Nunatsiaq Online
NEWS: Around the Arctic July 26, 2013 - 11:42 am

Arctic Fibre ramps up cable project with seven-community Nunavut tour

Company team to meet local leaders, assess fibre optic cable landing sites

NUNATSIAQ NEWS
This is Arctic Fibre’s proposed cable landing site at Apex, near the old HBC buildings, where a marine cable would connect Iqaluit to the company’s fibre optic backbone. (PHOTO COURTESY OF ARCTIC FIBRE)
This is Arctic Fibre’s proposed cable landing site at Apex, near the old HBC buildings, where a marine cable would connect Iqaluit to the company’s fibre optic backbone. (PHOTO COURTESY OF ARCTIC FIBRE)
This is the Global Sentinel, the cable-laying vessel that Arctic Fibre would use to install its trans-oceanic cable past Nunavut, Alaska and Nunavik. (PHOTO COURTESY OF ARCTIC FIBRE)
This is the Global Sentinel, the cable-laying vessel that Arctic Fibre would use to install its trans-oceanic cable past Nunavut, Alaska and Nunavik. (PHOTO COURTESY OF ARCTIC FIBRE)

If you live in one of the seven Nunavut communities that lie close to Arctic Fibre Inc.’s proposed marine fibre optic cable backbone, you’ll get a chance next month to learn more about the company’s plans and share your knowledge of potential landing sites for cable spurs.

“[W]e want the benefit of the local communities’ expertise with regard to ice conditions and the most suitable location away from anchorages and any environmentally-sensitive areas and habitat,” Doug Cunningham, Arctic Fibre’s CEO, said in a news release.

Using private investment, Arctic Fibre proposes to lay a $620 million undersea cable between London and Tokyo, running through waters off Nunavut and Alaska.

The seven communities — Iqaluit, Cape Dorset, Hall Beach, Igloolik, Cambridge Bay, Gjoa Haven and Taloyoak — represent about 52 per of Nunavut’s population.

Arctic Fibre would connect those places automatically, using spur lines, without requiring any subsidies from government.

“By combining an Arctic broadband network in the same cable sheath with a trans-continental link between Asian and European financial centres, Arctic Fibre can build a backbone network serving half of the population of Nunavut without government subsidy,” the company said in its news release.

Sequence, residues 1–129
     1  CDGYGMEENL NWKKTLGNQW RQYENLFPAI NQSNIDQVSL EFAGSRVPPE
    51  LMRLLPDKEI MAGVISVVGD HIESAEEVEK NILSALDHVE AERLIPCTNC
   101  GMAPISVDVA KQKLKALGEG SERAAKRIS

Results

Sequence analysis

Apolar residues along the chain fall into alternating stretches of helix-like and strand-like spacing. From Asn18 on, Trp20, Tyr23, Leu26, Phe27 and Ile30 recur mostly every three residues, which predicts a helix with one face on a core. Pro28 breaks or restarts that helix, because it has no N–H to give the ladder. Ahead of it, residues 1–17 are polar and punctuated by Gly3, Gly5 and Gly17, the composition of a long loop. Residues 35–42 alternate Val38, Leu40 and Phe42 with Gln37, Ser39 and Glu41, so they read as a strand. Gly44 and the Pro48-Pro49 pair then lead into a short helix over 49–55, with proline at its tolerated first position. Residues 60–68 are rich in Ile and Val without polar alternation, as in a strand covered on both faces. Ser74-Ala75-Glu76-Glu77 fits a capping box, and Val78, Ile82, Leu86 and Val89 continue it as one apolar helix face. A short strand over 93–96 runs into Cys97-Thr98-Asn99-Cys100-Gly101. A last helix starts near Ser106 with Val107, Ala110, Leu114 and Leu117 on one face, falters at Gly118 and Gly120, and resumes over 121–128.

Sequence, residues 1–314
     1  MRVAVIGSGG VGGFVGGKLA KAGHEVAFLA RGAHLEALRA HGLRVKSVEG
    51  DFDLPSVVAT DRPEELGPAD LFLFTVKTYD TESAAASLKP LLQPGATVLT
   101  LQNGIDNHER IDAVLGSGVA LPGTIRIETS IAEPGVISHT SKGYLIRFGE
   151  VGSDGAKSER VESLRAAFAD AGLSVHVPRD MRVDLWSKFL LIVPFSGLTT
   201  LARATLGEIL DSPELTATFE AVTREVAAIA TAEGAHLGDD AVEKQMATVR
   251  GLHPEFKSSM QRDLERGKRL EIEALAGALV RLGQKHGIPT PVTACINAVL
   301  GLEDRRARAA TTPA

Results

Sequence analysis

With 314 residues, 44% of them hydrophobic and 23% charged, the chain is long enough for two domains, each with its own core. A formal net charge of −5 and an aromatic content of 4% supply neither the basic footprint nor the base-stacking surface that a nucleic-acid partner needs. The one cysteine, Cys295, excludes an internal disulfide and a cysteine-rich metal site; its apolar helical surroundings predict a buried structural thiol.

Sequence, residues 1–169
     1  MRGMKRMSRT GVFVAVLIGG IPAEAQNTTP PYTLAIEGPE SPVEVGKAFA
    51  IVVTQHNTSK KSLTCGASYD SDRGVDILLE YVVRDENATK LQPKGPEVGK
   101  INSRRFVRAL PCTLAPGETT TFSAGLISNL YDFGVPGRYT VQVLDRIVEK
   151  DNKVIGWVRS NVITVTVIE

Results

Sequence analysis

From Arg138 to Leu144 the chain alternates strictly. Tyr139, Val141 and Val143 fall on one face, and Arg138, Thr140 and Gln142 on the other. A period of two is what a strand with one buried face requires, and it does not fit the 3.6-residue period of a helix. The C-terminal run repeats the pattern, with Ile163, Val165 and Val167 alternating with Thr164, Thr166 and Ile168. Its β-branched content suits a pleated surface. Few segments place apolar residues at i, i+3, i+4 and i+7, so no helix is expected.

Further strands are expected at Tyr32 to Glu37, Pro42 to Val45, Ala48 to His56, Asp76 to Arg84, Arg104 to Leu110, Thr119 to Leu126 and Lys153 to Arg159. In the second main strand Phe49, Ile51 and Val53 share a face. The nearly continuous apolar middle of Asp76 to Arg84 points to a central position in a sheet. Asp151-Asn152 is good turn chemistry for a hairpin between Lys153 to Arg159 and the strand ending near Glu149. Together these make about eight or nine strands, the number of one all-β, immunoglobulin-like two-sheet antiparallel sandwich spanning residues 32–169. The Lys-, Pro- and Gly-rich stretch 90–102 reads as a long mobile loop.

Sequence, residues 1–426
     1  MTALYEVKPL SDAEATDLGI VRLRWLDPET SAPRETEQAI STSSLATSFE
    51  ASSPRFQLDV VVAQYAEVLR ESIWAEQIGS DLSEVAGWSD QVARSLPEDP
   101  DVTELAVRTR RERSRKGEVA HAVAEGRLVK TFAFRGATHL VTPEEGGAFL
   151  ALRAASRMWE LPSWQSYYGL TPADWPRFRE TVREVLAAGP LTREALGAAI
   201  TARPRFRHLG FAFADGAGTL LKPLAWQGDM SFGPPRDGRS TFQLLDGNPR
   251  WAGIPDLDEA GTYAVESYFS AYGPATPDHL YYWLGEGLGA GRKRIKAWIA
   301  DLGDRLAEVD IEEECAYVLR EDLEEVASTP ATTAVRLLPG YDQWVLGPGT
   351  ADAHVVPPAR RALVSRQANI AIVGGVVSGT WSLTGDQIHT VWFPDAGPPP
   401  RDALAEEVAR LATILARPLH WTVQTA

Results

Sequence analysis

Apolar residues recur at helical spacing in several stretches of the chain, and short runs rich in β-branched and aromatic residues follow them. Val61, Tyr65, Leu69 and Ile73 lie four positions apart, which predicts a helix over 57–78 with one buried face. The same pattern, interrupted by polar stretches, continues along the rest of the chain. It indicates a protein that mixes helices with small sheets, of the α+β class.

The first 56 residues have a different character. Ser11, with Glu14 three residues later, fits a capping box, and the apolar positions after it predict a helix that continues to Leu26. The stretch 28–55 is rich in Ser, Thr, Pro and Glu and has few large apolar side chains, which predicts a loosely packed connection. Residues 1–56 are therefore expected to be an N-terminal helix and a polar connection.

To pay for connections to an additional 23 Nunavut and Nunavik communities, Arctic Fibres has applied to Industry Canada for $237 million worth of funding.

Using those funds, and with the help of nine microwave hops, that proposal would provide 98 per cent of the combined Nunavut and Nunavik population with “virtually unlimited bandwidth,” Arctic Fibre said.

At the same time, the project would contribute “significantly to Canada’s nation-building in its Arctic region,” the company said.

The company has also struck a deal with an Alaskan firm called Quintillion Networks LLC to connect at least five communities in Alaska.

During the Nunavut tour, which runs Aug. 19 to Aug. 24, the Arctic Fibre team hopes to meet with elders, mayors, hamlet council members, hunters, community land resource committees and other residents to find the best locations for backbone cable landing sites.

“Potential subcontractors for civil works will also have an opportunity to present their credentials to the Arctic Fibre team who are committed to creating as much local participation as possible,” said Madeleine Redfern of Ajungi Arctic Consulting, who does community liaison work with Arctic Fibre.

The team also includes marine surveyors, engineers, and an environmental advisor from AECOM Consulting.

They’ll build on work that Arctic Fibre has already done, using desktop marine and terrestrial surveys, to identify possible cable landing sites.

At one community, Taloyoak, the team will look at landing site options and routes for a portion of the cable that will cross the Boothia Peninsula from Taloyoak to Lord Mayor Bay.

Arctic Fibre’s decisions on cable landing sites will be incorporated into submissions that the company plans to make to the Nunavut Planning Commission and the Nunavut Impact Review Board.

Those bodies must approve the project before Industry Canada can issue an international cable landing licence to Arctic Fibre.

Here’s the company’s tour schedule, which is subject to change depending on the weather:

• Iqaluit site visit: Aug 19, 1500 hours at Apex Bay (near HBC buildings);

• Iqaluit meeting: Aug 19, 1800 hours, Hotel Arctic;

• Cape Dorset site visit: Aug 20, 0930 hours, Cape Dorset beach;

• Cape Dorset meeting: Aug 20, 1200 hours, hamlet office;

• Hall Beach site visit: Aug 20, 1715 hours, Hall Beach;

• Hall Beach meeting: Aug 20, 1800 hours, hamlet office;

• Igloolik site visit: Aug 21, 0930 hours Igloolik beach;

• Igloolik meeting: Aug 21, 1200 hours, hamlet office;

• Cambridge Bay site visit: Aug 22, 0900 hours, beach opposite DND;

• Cambridge Bay meeting: Aug 22, 1800 hours, hamlet office;

• Gjoa Haven site visit: Aug 23, 0900 hours, Gjoa Haven ramp south side

• Gjoa Haven meeting, Aug 23, 1200 hours, hamlet office;

• Taloyoak meeting, Aug 23, 1500 hours, hamlet office; and

• Taloyoak site visit, Aug 24, 1800 hours, Spence Bay.

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